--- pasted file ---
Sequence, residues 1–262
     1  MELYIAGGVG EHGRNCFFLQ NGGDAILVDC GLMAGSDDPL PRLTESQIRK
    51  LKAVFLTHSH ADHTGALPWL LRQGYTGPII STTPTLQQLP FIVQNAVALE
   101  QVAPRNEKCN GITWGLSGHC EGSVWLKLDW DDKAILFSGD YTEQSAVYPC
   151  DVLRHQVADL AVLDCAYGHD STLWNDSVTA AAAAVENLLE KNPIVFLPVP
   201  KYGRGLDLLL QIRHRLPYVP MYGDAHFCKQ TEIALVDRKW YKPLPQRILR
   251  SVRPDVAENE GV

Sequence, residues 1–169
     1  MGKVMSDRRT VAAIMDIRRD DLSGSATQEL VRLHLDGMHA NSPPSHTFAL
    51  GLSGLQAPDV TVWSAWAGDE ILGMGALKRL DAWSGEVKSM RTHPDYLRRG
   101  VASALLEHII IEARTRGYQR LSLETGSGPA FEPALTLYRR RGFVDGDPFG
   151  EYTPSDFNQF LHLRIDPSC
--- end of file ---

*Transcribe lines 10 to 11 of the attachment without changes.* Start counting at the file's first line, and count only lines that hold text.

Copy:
    51  GLSGLQAPDV TVWSAWAGDE ILGMGALKRL DAWSGEVKSM RTHPDYLRRG
   101  VASALLEHII IEARTRGYQR LSLETGSGPA FEPALTLYRR RGFVDGDPFG